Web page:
I estimate it caught 90% of the swarf while facing and turning on a 3/8" rod. This included turning a taper with the compound slide, for this, the bottle has to ride on the compound slide, or latch onto the QCTP.
Three images:
1. The pill bottle, magnet and its handle
2. Swarf catcher in place, ready for action
3. Results: a good catch
Greg
jar magnet handle.jpg
2015-07-23 14.46.31.jpg 2015-07-23 15.44.45.jpg
 

JimDawson

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It will be exciting when a piece of swarf grabs the pile, and the rotating work at the same time and throws the pile, the bottle, and all across the room. This happens all the time, the bottle with the magnet just adds more mass to throw.
 

turnitupper

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With a little care it should save a lot of clean up and when it is loaded, just change it out for a clean one. I'm game.
John.
 

jrstech

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I agree with you Jim. It might save a few minutes cleaning if the lathe were making chips but definitely not when turning out long stringy swarf.
 

turnitupper

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I agree with you Jim. It might save a few minutes cleaning if the lathe were making chips but definitely not when turning out long stringy swarf.
Yes but long stringy swarf is a hazard even without this device. Better to grind/buy tools with a chip breaker or if this is not applicable just remove the device.
John.
 

sanddan

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Did some clean up on my mill and trammed in the vise. I muscled the 6" Kurt onto the table and moved it to the stains on the table that matched the old vise and by eyeball I was only off by .005" over the 6 ins. Should have gone out and bought a lottery ticket. LOL

Also made my first cut using a 1/2" 3 flute endmill on the edge of a 1/2" plate of HR. .050" cut was so smooth compared to my smaller mill. Easy peasy.
 

JimDawson

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Did some clean up on my mill and trammed in the vise. I muscled the 6" Kurt onto the table and moved it to the stains on the table that matched the old vise and by eyeball I was only off by .005" over the 6 ins. Should have gone out and bought a lottery ticket. LOL

Also made my first cut using a 1/2" 3 flute endmill on the edge of a 1/2" plate of HR. .050" cut was so smooth compared to my smaller mill. Easy peasy.

We still haven't seen pictures of your new toys..er tools.
 

TomS

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Finished "tuning up" my HF metal brake so I can make an enclosure for my CNC mill. Did some surfing on the web and found a few useful hints on how to improve the design to make it a more useful tool. I'm using 24ga steel sheet so it should do the job.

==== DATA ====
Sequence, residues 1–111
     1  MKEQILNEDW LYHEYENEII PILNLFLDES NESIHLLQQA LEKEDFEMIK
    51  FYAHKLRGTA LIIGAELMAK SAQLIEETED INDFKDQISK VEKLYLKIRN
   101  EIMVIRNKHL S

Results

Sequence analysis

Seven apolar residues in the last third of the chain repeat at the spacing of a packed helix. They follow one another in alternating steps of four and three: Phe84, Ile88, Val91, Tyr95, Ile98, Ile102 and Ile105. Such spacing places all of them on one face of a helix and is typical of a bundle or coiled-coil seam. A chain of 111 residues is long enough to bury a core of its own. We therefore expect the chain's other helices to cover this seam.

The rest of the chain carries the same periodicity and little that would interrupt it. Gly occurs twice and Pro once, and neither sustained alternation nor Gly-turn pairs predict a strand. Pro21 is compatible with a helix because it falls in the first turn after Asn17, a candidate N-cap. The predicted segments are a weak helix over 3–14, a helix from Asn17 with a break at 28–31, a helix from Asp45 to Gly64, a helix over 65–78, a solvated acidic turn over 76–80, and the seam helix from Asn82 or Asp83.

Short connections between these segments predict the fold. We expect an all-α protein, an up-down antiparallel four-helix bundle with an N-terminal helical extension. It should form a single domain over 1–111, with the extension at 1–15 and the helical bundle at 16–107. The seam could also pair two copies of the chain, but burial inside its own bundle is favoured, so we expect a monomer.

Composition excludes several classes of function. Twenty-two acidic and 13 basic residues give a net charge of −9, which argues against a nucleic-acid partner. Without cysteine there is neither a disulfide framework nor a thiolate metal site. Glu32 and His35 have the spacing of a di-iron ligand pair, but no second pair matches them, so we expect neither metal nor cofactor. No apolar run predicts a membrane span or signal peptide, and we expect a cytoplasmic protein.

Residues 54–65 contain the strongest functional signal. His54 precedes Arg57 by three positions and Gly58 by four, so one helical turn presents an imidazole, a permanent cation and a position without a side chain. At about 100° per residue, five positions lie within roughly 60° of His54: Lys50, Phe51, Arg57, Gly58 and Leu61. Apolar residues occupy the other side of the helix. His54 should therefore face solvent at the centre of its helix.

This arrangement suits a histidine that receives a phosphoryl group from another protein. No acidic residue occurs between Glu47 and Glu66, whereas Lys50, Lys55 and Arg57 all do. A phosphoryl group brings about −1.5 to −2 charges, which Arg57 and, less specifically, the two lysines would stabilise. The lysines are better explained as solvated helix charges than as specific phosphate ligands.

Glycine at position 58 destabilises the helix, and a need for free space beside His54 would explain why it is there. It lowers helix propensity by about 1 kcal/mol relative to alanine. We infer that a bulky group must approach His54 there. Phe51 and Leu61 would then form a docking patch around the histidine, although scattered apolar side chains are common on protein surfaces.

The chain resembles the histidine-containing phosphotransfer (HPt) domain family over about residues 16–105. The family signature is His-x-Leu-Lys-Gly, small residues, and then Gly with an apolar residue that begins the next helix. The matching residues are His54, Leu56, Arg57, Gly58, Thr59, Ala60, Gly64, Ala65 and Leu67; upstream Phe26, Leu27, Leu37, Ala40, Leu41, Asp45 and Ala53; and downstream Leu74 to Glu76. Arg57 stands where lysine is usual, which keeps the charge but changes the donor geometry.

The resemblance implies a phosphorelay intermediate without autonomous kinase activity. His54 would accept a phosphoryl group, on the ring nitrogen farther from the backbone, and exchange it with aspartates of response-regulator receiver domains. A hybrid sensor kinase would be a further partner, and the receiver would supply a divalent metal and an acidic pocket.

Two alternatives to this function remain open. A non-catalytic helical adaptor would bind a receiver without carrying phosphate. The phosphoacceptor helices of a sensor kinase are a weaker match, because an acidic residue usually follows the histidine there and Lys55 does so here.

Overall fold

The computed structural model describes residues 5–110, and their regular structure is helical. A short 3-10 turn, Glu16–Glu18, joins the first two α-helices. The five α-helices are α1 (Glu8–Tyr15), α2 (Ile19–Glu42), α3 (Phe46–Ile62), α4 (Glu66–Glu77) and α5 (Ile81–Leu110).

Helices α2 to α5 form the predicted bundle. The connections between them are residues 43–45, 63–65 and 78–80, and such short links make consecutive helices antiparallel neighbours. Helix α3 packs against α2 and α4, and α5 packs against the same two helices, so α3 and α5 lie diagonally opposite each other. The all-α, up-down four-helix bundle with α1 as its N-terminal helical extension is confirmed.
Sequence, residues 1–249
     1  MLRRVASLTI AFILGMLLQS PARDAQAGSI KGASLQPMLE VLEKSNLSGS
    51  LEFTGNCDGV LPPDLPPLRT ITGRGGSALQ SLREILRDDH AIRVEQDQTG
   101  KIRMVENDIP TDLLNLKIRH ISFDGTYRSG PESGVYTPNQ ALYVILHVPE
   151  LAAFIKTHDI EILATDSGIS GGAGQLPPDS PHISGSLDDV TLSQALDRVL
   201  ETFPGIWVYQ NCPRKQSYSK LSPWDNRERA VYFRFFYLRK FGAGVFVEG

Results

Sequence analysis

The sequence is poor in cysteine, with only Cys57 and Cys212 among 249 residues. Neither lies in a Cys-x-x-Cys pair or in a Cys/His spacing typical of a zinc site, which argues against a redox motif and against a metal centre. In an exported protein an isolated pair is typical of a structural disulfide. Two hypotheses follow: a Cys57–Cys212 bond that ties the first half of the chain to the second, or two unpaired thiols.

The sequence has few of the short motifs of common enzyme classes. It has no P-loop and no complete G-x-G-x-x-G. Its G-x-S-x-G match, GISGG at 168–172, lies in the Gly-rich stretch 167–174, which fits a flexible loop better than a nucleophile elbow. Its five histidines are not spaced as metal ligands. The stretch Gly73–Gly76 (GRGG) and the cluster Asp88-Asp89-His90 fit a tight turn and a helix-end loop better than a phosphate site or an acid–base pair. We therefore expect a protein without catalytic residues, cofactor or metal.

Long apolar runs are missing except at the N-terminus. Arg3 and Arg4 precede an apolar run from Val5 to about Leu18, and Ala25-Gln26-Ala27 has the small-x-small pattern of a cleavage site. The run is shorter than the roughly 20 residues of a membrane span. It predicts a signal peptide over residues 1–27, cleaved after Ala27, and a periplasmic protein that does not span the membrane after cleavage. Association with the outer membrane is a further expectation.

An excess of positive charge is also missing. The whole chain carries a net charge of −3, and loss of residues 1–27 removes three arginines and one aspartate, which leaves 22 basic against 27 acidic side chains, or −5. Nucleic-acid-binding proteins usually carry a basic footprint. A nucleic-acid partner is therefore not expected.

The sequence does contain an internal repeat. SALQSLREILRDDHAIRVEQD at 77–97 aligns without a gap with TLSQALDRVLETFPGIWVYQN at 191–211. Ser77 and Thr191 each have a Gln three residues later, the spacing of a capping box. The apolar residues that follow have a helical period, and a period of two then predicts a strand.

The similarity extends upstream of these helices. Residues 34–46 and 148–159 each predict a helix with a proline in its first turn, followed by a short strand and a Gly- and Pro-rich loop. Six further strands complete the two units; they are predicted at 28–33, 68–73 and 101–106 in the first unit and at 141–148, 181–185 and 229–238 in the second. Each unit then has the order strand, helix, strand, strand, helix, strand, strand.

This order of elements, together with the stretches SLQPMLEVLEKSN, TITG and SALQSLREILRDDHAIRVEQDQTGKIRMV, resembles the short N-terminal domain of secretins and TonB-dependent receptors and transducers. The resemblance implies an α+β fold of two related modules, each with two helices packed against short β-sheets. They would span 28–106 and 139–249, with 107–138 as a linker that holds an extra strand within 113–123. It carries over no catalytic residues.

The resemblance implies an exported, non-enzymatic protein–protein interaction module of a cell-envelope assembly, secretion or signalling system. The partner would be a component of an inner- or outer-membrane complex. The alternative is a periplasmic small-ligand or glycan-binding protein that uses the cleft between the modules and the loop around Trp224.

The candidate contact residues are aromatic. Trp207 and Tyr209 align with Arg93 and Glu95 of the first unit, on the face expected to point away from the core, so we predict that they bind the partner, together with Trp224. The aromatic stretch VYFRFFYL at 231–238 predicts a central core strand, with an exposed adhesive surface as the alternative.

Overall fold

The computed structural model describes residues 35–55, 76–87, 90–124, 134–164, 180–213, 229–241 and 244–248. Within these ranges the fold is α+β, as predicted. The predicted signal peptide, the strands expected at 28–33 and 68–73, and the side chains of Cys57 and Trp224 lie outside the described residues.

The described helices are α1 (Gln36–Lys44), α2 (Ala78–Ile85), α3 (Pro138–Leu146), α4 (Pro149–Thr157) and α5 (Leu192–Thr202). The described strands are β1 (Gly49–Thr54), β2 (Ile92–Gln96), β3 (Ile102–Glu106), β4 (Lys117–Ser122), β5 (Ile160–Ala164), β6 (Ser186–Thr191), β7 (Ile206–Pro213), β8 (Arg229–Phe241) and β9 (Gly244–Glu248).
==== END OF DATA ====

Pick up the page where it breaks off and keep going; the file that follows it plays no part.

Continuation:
A few months back I saw a hand made tool that allows you to use a leaf brake as a pan and box brake. I can't find the link. Anyone know where to look?

Here I've welded on a piece of 1-1/2" square by .120" wall tubing to stiffen the bending leaf. You can see the set back adjuster on the lower right.
20150724_125524_resized_1.jpg

Here's a closeup of the set back adjuster. It's a piece of 1-1/2" channel with a slot. I added the 1/4" adjusting rod and angle iron bracket to make setting the set back easier.
20150724_132750_resized_1.jpg
 

coolidge

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I'm assembling the most expensive hobby TIG tungsten grinder ever today stay tuned...
 

sgisler

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Interesting.......I'll be watching


Stan,
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sgisler

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Wow.....


Stan,
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D

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My project of the day is a heavy duty arbor for my larger hole saws.

I get tired of replacing the 1/4" drill bit every time the hole saw get hung and kicks back and kinks the bit! Especially cutting sheet metal in electrical boxes. Who hasn't had that to happen to them?
I have job needing to cut 4-1/4" holes, four of them total. A Greenlee knock out punch of that size is over$500! not going to pay, no way!
So here's my setup I have built.
DSCN2794.JPG DSCN2796.JPG DSCN2797.JPG
 
D

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My procedure of operation is as follows:
1) Drill a hole for Greenlee 1/2' pipe knockout punch, I use a 7/16 hole buster.
2) Punch out the hole to 1/2" pipe, actual size comes out about.880"
3) Take the large hole saw, apply my favorite cutting oil and get after it using my Milwaukee Drill.

Here's the results:

DSCN2798.JPG DSCN2799.JPG
 

tertiaryjim

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A lot of the stuff McMaster sells is the same china made items, just priced higher.
Make certain the manufacture information is listed.
 

uncle harry

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My procedure of operation is as follows:
1) Drill a hole for Greenlee 1/2' pipe knockout punch, I use a 7/16 hole buster.
2) Punch out the hole to 1/2" pipe, actual size comes out about.880"
3) Take the large hole saw, apply my favorite cutting oil and get after it using my Milwaukee Drill.

Here's the results:

View attachment 107949 View attachment 107951
Nice job. When I use my hole saws I drill a 1/4 pilot hole. My hole saw mandrel has a 1/4 hardened dowel pin instead of a drill bit. This works much like your device but has been more thrifty. Your adapter gives much more piloting support though.